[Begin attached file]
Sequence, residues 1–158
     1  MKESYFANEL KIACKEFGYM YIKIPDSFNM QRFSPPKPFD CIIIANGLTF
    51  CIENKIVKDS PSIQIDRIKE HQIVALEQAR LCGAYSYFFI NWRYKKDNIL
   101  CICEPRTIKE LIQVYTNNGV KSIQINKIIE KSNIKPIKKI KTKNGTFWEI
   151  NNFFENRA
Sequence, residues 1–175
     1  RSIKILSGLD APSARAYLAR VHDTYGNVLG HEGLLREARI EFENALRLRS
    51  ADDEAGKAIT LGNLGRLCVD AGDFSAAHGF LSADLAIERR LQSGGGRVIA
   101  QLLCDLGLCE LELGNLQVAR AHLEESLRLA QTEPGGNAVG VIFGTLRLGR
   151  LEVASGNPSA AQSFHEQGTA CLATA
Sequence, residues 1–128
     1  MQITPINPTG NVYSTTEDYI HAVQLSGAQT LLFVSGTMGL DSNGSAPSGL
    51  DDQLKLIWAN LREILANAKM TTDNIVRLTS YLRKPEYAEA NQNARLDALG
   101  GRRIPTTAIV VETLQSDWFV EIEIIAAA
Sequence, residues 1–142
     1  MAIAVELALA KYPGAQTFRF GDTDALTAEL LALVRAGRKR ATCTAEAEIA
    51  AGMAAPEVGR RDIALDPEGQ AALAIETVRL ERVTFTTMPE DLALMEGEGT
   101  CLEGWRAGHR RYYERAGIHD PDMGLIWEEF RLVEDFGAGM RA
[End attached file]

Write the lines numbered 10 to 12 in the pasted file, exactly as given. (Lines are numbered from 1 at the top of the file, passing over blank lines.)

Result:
   151  LEVASGNPSA AQSFHEQGTA CLATA
Sequence, residues 1–128
     1  MQITPINPTG NVYSTTEDYI HAVQLSGAQT LLFVSGTMGL DSNGSAPSGL